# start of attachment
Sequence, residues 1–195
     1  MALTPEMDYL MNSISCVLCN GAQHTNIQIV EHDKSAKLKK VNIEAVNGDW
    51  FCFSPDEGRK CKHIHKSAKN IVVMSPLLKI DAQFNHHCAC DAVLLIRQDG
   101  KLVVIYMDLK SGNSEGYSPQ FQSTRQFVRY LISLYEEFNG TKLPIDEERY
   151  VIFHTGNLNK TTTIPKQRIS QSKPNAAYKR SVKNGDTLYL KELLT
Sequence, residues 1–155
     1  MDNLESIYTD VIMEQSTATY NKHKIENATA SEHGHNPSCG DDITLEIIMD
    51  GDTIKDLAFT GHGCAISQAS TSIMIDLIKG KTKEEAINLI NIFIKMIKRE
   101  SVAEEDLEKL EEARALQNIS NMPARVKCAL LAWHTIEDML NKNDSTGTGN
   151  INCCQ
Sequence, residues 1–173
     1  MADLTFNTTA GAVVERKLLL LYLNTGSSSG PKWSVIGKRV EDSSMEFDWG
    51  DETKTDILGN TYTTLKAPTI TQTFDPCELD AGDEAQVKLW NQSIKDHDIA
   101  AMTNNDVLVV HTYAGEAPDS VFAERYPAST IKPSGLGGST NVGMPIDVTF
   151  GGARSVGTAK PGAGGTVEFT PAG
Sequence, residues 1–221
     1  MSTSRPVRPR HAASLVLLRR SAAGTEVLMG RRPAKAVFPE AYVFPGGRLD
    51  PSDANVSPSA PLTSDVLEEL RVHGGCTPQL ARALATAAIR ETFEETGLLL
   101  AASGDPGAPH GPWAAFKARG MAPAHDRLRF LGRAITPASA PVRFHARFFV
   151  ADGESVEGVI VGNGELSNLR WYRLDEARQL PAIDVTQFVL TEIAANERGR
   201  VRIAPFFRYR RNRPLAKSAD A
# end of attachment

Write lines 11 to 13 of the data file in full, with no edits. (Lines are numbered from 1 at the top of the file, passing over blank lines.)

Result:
Sequence, residues 1–173
     1  MADLTFNTTA GAVVERKLLL LYLNTGSSSG PKWSVIGKRV EDSSMEFDWG
    51  DETKTDILGN TYTTLKAPTI TQTFDPCELD AGDEAQVKLW NQSIKDHDIA